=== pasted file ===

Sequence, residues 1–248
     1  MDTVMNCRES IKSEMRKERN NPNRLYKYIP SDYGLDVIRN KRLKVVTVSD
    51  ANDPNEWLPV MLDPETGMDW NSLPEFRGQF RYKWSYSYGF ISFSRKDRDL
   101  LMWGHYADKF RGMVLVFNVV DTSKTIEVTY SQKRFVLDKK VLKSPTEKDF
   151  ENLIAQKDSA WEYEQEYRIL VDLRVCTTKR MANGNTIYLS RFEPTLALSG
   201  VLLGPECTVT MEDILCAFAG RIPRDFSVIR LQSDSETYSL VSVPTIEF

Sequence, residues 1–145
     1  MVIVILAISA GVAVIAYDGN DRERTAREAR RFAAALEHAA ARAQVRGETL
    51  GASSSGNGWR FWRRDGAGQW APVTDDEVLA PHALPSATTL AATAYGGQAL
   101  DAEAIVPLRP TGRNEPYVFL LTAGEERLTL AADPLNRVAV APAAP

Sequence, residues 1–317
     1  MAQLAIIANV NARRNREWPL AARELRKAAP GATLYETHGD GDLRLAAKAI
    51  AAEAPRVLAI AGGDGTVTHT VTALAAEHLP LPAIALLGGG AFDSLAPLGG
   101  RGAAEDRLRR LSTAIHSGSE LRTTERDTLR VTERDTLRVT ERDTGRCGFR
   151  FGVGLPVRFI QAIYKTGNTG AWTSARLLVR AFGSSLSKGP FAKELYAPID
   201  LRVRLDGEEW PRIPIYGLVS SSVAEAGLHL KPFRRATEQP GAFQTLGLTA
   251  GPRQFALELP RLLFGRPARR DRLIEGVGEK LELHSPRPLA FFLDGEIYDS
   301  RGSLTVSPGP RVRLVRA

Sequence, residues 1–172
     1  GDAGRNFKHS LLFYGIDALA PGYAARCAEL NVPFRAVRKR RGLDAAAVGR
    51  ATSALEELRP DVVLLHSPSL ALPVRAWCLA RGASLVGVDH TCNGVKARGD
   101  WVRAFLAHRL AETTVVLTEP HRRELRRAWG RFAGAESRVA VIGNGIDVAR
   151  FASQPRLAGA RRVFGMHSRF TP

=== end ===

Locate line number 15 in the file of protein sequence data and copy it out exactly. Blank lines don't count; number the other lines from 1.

   151  FGVGLPVRFI QAIYKTGNTG AWTSARLLVR AFGSSLSKGP FAKELYAPID